It was only a few days after the election, at once distant to a Californian like me and thoroughly near thanks to the many friends online I know from throughout the UK, and the general mood from said friends was pretty well peeved, at least south of the Scottish border. I forget where I was -- I only just moved from south of Los Angeles to San Francisco within the last few days, and trying to place where I was at any point has been a little hard. But I remember it being somewhere to eat, playing some music, and as I was thinking something over, 'Ghost Town' by the Specials started up. Pretty sure it was just by chance on someone's favored playlist, but it was perversely appropriate.

Or so I felt initially. Then it seemed wrong -- not in a sense that the song is terrible, anything but, but that it seemed out of place, out of time. Why should a song from almost thirty-five years back seem more appropriate than anything happening right this second? And was that the only framework we would have it in? Of course, if art is deathless then there's no reason why something can't resonate beyond, and we're not all that far distant in terms of human history. But beyond the sense of whatever frustrations boil over at the result, not to mention the projections of the wreckage to come, there's almost a feeling that the sonic language available seems perversely placed -- that the past is needed to interpret and frame the present.

Before going further, it should be clear that my perspective is, again, removed, an American perspective, but also one that is Anglophilic for any number of reasons, from personal to societal ones. But even that has limits. In general terms, you could say that the US knows about only four prime ministers -- Churchill, Thatcher, Blair and Cameron -- and everyone else are already forgotten in old newspapers and rotting videotape (Brown too, really). Even then, Churchill is mostly seen as the World War II guy and then there was a grey haze of random people nobody knows about over here and then Thatcher appeared.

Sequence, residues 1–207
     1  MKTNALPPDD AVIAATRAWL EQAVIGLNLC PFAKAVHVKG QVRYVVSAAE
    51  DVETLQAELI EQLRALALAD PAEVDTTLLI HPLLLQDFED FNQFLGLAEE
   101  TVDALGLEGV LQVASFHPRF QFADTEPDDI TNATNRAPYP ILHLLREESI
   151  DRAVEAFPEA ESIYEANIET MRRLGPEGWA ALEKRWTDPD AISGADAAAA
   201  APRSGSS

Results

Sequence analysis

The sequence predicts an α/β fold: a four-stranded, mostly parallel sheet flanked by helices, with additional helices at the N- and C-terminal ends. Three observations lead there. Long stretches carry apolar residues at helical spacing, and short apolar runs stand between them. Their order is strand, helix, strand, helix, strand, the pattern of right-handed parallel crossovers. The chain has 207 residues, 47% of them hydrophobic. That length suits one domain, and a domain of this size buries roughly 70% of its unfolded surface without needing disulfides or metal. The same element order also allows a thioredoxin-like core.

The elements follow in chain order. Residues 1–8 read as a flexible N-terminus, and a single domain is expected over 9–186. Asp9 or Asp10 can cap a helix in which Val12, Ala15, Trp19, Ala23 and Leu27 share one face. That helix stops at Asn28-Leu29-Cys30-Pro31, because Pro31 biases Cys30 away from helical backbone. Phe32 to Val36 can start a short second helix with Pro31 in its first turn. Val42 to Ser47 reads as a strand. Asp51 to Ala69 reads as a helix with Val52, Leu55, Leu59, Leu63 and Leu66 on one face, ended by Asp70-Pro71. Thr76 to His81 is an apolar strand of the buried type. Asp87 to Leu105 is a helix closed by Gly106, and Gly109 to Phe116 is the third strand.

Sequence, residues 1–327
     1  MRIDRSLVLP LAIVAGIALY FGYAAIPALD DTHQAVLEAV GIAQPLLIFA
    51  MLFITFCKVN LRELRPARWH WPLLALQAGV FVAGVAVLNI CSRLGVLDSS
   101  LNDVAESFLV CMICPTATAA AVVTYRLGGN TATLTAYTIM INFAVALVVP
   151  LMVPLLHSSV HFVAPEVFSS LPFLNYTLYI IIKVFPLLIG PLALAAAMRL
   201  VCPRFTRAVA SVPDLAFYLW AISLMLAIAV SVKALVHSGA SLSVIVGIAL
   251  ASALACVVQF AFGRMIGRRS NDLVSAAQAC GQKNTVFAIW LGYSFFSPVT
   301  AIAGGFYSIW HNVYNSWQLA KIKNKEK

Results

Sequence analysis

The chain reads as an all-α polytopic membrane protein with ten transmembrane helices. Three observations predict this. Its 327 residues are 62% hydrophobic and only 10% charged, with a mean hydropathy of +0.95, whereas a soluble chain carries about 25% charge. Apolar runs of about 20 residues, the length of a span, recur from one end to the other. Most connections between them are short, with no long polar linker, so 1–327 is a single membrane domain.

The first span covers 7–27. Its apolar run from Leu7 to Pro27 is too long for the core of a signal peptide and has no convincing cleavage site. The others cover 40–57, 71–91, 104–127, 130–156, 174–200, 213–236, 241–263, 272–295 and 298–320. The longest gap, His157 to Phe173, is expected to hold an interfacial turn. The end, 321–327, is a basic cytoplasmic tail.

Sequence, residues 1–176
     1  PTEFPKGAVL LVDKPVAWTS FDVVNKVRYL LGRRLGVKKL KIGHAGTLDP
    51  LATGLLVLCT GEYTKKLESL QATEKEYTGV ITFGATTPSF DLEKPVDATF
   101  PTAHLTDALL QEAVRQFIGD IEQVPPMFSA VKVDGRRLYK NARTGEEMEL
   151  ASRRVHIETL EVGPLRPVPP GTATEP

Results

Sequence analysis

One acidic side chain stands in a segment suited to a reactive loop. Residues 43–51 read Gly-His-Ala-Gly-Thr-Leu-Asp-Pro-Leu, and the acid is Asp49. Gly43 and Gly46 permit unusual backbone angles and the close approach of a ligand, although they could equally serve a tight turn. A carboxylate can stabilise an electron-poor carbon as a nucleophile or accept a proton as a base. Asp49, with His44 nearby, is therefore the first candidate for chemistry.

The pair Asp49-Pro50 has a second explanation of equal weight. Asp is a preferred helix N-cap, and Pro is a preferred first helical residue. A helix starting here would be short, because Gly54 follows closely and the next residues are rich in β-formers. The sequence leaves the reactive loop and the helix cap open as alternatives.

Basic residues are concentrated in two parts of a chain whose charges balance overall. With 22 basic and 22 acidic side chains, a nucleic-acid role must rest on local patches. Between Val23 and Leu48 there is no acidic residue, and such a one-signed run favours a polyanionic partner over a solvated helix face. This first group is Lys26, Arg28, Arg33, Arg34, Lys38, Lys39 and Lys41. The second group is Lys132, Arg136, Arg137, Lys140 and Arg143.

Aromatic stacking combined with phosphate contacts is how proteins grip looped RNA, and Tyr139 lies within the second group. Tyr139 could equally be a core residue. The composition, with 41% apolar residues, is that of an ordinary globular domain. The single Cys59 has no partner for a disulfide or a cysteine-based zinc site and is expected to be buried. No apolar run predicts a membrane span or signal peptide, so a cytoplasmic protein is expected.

So for American people of a 'certain age' like myself, Thatcher was always lurking clearly behind the '80s UK art we got, whether via implicit approval, direct attack, or just freefloating context. Sure there was the Queen, Diana et al but always Thatcher, and the steady implication throughout the decade was that she was bad news or seemed solely to be; there was implicit approval as noted but those artists that seemed to show even that much, or anything further than that, were pretty well regarded as tools or worse. This turned up in Errol Brown's recent passing, where celebrations of Hot Chocolate's astounding '1970s run of moody soul and funk were tinged with comments about him singing 'Imagine' at a rally for Thatcher at the dawn of the '80s.

So many things I could mention, electoral actions, particular figures, reports that filtered through one way or another. Not everyone was politicized, but if everything was still political, there was a definite sense of "Well..." and looking askance at play, even through something as simple as withdrawal. Crucially, though, this was all filtered through a set of limitations -- I was trying to figure out Reagan's America first, and I barely did, so figuring out Thatcher's UK was even harder to do. Only retrospectively are certain things seen more clearly and more in-depth by myself, thanks to time, reading, getting to know people, visiting the UK a number of times directly.